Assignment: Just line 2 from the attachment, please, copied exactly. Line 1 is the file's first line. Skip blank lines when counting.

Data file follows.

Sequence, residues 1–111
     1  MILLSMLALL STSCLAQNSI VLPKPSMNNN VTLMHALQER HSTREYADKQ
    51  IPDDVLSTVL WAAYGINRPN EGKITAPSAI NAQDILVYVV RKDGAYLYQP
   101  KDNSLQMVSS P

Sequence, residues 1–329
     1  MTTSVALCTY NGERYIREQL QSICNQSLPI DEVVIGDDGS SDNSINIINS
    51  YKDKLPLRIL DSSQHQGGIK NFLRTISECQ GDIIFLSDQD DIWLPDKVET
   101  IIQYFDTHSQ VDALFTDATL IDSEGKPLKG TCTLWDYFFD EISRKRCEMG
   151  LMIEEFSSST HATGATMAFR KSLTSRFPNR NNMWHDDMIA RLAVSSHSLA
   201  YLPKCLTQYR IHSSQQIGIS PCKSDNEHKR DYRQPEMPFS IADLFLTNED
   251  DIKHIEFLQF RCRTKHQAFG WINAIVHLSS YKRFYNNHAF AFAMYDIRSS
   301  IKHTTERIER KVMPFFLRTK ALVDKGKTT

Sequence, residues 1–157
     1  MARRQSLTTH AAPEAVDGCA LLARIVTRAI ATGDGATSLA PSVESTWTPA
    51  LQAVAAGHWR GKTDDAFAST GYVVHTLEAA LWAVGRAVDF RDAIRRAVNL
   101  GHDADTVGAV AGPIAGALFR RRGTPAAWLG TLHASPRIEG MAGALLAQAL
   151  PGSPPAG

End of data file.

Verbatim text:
     1  MILLSMLALL STSCLAQNSI VLPKPSMNNN VTLMHALQER HSTREYADKQ